In a statement released this afternoon, President Obama rejected the Keystone XL oil pipeline that would have linked Canada’s tar sands to Texas’s refineries. Obama had already effectively rejected the pipeline in early November, when he put off a ruling until after the 2013 elections. But the fossil fuel lobby and their allies in Congress pushed through legislation in mid December that forced the president to make a decision within 60 days. The White House seems to have taken such bullying as an opportunity to reiterate its earlier point: a decision will not be made this year.
While environmentalists should be excited that their efforts played a clear role in making the pipeline a complex campaign issue, there is no indication that Obama won’t eventually allow a tar sands pipeline, if reelected. Congress gave the Obama administration a huge out by allowing him to reject the pipeline on procedural grounds, which he more-or-less noted in his statement today:
“This announcement is not a judgment on the merits of the pipeline, but the arbitrary nature of a deadline that prevented the State Department from gathering the information necessary to approve the project and protect the American people,” Obama said. “I’m disappointed that Republicans in Congress forced this decision, but it does not change my administration’s commitment to American-made energy that creates jobs and reduces our dependence on oil.”
Had he been forced to reject the pipeline on the sole basis of environmental concerns, the news today might be very different. Obama can’t be seen as too anti-pipeline these days–even though it has been proven to be a jobs bust.
The 234 Congress members who voted to expedite the pipeline, however, won’t be so generous (or shortsighted) in the future, which is why tar sands activists have made them their next target. On January 24, the day after Congress returns to Washington, tar sands opponents will be converging on Capitol Hill and processing to the headquarters of the American Petroleum Institute, the oil industry’s #1 lobby, dressed as referees.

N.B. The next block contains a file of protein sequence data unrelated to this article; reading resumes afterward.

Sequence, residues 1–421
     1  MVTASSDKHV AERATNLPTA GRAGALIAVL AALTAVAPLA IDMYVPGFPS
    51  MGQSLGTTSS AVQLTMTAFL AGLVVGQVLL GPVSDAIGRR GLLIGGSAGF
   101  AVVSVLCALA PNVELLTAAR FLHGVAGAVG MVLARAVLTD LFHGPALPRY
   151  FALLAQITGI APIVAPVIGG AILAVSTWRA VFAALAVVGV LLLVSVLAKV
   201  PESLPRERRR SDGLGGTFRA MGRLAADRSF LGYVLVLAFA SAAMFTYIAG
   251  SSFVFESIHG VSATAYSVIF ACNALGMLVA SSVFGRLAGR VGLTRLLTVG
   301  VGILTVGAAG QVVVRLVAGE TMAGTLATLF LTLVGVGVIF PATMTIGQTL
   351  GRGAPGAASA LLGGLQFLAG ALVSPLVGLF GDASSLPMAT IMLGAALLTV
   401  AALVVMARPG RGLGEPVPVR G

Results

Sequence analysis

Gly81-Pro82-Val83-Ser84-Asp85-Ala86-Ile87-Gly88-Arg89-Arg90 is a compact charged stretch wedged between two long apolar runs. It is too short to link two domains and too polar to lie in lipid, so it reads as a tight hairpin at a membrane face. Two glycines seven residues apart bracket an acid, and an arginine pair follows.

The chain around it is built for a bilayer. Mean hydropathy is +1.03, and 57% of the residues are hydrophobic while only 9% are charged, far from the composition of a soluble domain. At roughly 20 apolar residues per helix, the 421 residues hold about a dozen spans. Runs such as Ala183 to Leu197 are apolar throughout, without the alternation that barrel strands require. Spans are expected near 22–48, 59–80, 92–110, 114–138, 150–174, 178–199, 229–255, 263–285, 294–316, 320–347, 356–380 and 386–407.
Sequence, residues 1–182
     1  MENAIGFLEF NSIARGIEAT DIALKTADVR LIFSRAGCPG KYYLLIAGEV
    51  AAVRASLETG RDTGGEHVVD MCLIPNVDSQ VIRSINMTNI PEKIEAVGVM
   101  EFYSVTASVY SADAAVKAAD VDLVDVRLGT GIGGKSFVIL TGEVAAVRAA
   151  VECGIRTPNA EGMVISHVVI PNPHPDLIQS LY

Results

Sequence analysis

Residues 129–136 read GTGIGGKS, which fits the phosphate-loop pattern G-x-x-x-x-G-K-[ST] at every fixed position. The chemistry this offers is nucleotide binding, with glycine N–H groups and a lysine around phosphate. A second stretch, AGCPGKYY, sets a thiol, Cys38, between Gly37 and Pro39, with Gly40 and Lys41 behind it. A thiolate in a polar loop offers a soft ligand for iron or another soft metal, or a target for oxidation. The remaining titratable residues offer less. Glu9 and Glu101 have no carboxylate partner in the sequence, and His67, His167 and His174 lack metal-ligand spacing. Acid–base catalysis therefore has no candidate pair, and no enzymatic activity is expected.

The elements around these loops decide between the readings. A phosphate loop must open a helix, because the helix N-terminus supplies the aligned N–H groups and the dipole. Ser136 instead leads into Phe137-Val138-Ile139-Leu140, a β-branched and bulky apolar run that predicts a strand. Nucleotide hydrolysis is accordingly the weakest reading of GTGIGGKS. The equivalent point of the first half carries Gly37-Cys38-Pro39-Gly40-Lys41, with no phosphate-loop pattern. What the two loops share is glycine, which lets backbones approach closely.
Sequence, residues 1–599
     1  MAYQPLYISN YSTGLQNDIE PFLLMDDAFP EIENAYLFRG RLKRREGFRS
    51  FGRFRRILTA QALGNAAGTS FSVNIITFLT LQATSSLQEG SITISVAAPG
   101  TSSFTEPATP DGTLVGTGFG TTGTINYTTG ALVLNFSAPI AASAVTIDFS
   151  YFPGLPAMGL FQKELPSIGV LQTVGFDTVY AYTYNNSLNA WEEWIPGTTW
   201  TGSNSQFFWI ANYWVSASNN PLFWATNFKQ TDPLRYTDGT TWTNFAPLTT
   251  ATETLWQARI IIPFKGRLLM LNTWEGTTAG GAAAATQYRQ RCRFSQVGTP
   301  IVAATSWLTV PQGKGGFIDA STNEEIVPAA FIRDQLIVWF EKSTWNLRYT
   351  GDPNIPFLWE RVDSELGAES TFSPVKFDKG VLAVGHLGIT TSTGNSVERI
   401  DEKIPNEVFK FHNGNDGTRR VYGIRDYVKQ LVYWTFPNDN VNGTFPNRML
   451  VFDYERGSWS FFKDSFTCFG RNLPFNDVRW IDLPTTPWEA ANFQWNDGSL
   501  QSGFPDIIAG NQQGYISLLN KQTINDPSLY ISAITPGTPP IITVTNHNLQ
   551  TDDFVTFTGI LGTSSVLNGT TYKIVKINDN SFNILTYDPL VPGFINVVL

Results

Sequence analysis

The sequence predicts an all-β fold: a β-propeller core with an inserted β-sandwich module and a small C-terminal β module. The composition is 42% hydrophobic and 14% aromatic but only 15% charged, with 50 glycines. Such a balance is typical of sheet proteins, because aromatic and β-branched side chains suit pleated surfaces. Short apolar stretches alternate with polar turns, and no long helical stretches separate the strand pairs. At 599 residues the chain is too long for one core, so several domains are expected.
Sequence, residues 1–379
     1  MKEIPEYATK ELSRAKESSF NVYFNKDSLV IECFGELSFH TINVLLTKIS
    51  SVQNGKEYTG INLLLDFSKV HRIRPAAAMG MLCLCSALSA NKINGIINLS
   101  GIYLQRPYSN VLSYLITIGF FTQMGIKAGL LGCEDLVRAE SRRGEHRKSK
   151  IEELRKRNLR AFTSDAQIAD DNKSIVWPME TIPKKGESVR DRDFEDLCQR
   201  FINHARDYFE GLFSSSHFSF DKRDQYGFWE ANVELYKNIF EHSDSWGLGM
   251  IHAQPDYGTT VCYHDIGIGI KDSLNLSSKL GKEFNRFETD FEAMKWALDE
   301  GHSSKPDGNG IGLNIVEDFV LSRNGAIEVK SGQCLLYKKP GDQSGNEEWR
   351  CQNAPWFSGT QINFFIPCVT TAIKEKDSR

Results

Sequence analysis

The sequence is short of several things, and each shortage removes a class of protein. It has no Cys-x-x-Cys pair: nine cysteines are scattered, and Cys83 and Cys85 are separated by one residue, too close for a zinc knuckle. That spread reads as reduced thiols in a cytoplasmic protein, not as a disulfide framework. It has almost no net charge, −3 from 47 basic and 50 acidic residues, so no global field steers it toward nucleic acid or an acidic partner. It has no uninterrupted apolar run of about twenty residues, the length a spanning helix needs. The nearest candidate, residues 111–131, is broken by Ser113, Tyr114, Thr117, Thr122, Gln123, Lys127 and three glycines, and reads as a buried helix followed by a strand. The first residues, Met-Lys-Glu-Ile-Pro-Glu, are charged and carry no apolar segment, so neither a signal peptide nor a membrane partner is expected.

As organizer Bill McKibben explained in an email earlier this week:
We’re going to call penalties—forget facemasking, this is vote-buying. Forget unsportsmanlike conduct—this is undemocratic conduct.
This time we plan to get up close and personal with some of the worst folks on Capitol Hill. Not only will we be sending an unavoidable message (I don’t think a gaggle of refs is a common sight in DC), we also hope to make a media stir that will be a counterbalance to the flood of ads and propaganda unleashed by the industry over the past two weeks.
Warning: it won’t work right away. These guys have been having their way for so long that it won’t dawn on them quickly that the game is us. We’ll have to fight them all spring long to prevent Keystone, and to take away the billions in subsidies that they present each year to the oil industry (with our money). But if we’re going to take back our country we’ve got to start somewhere, and January 24 is the day.
For more information on the action visit 350.org.
We need a mass movement that can deal with climate disasters. That means training people to both protect and mobilize their communities.
By satirizing the dangers of an aging refinery, activists in Wisconsin show how local organizing can deal a blow to the oil industry and empower frontline communities.
Black, Indigenous and Appalachian communities are fighting the Mountain Valley Pipeline and other projects spurred as concessions to last month’s landmark climate legislation.